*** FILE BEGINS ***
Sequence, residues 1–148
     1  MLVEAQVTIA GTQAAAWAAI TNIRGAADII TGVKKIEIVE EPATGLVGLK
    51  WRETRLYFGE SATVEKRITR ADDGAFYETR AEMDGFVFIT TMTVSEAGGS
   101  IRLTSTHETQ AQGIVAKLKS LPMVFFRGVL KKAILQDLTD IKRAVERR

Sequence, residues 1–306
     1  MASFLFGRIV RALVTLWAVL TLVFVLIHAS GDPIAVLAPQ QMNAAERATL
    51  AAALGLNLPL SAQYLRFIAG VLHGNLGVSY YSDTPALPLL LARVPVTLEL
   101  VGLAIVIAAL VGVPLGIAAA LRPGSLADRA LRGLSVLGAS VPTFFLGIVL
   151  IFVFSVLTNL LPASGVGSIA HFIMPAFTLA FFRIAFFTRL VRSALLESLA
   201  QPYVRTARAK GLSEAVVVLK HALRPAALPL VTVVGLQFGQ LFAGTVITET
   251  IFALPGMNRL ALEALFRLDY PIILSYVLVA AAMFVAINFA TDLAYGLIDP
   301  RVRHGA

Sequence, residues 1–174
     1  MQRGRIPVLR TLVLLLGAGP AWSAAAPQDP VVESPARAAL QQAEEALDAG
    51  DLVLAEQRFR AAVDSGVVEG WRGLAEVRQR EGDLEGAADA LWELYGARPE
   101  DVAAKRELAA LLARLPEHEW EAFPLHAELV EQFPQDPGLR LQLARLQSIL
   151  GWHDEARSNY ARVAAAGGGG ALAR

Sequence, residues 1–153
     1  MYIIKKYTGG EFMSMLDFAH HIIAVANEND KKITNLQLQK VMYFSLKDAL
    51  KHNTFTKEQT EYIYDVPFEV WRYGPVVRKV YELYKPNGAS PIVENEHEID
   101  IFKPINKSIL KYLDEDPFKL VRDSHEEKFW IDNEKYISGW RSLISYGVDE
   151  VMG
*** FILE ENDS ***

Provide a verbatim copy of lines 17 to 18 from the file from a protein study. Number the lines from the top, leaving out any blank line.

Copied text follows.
   151  GWHDEARSNY ARVAAAGGGG ALAR

Sequence, residues 1–153